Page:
Now that Farage’s mission has been completed, however – and without him even having claimed a constituency, lest we forget (which perhaps makes his achievement even more astonishing) – what next for the man with a pint and a fag for every honest Englishman? Chat show, reality show, panel show – take your pick; but Donald Trump? I think not. In many respects, the Brexit vote was perhaps the worst thing that could ever have happened to Nige; it’s left him without his designated role in British public life. Had it gone the other way, he could have carried on forever stating the case for rejecting Brussels; yet seeing him reduced to acting as plucky little cheerleader for Trump was his own version of the Bush/Blair poodle parade. Time to hire a new PR firm, Nigel.

© The Editor


  1. Farage finds himself in a novel situation – complete success in his often-lonely 20-year campaign, which wrought the biggest political earthquake in Britain since at least the 1945 Labour landslide and possibly longer, yet with no official or political role in its furtherance. So where indeed does he go now ?

    Sharing a platform with Trump was certainly a gamble, but Farage was very careful not to recommend anyone to vote for Trump, he merely outlined his view of the issues and emphasised that personally he would never vote for Hillary, ‘even if she paid him’ (thus subtly labelling her a ‘crook’ rather than simply a political opponent). A recommendation by default perhaps, but it was very deliberately unspoken. A clearly defined contrast to the Black Dude coming over here and instructing us all to vote ‘Remain’ – that all worked out so well, I seem to recall.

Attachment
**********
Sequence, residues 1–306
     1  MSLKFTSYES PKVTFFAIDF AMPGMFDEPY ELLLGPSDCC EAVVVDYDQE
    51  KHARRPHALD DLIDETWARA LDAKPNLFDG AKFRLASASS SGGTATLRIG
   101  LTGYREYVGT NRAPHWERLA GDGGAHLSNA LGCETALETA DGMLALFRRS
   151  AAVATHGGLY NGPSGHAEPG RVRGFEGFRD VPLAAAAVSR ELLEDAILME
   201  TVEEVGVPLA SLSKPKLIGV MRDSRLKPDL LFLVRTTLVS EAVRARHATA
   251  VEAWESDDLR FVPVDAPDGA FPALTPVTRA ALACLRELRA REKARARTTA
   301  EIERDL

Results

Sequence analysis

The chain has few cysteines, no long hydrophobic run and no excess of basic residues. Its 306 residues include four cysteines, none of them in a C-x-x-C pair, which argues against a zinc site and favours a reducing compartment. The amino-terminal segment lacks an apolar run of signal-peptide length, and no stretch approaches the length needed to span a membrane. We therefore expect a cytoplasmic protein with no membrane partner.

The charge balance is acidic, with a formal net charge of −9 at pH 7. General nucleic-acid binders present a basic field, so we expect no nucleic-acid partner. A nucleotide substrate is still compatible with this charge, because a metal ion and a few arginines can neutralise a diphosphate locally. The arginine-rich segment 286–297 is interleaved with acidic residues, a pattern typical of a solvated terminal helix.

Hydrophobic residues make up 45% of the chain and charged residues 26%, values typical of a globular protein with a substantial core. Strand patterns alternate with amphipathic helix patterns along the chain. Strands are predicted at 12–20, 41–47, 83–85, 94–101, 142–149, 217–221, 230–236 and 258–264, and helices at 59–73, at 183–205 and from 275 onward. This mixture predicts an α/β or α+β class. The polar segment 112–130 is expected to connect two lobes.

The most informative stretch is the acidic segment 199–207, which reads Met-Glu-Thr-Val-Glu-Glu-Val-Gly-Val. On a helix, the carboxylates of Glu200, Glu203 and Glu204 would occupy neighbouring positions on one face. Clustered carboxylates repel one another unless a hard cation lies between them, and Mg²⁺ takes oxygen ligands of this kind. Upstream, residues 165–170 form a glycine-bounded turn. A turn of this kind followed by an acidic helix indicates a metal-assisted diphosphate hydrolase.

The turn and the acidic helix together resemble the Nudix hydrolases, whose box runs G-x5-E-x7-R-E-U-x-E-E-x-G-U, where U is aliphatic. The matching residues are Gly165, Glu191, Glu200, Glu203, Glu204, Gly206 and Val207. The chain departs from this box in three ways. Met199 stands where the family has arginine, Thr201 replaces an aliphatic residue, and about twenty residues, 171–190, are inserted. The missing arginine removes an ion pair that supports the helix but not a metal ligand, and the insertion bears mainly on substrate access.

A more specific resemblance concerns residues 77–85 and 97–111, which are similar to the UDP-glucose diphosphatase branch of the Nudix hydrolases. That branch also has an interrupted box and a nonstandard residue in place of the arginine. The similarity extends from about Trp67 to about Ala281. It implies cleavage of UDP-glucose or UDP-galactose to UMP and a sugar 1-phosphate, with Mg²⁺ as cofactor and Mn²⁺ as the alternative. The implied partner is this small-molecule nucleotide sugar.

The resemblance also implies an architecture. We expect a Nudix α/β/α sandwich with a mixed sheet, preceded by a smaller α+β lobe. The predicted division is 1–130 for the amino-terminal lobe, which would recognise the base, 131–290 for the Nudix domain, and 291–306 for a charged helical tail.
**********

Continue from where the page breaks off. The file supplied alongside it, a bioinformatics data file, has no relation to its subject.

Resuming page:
And what if Trump wins ? The pollsters don’t expect him to, but then again, those same pollsters reckoned Brexit was a non-starter – if the polls are wrong again and Trump wins, then Farage collects some of the secondary laurels on which to build his next move. And if Trump loses, as the experts expect, what has Farage lost ? Precious little, so maybe it was a win-win bet.

    Therefore, perhaps the real objective of Farage’s appearance was to start defining himself as a potential leader of all the current worldwide anti-establishment movement, providing a linkage between the movements in all the different Western nations, drawing them together under a banner of their common interests and giving them a thread of coherence in their various endeavours. The media coverage of his appearance will certainly have established his personality in new ‘markets’, opening up the chances that other ‘rebels’ will invite him to ride shotgun on their various causes.

    Maybe I’m crediting him with having too big a vision but, apart from that co-ordination role, I can’t see him becoming anything other than a rent-a-gob chat-show Charlie as the world moves on, which would be a sad waste of both his talents and his single, but monumental, achievement.

    Liked by 1 person

Comments are closed.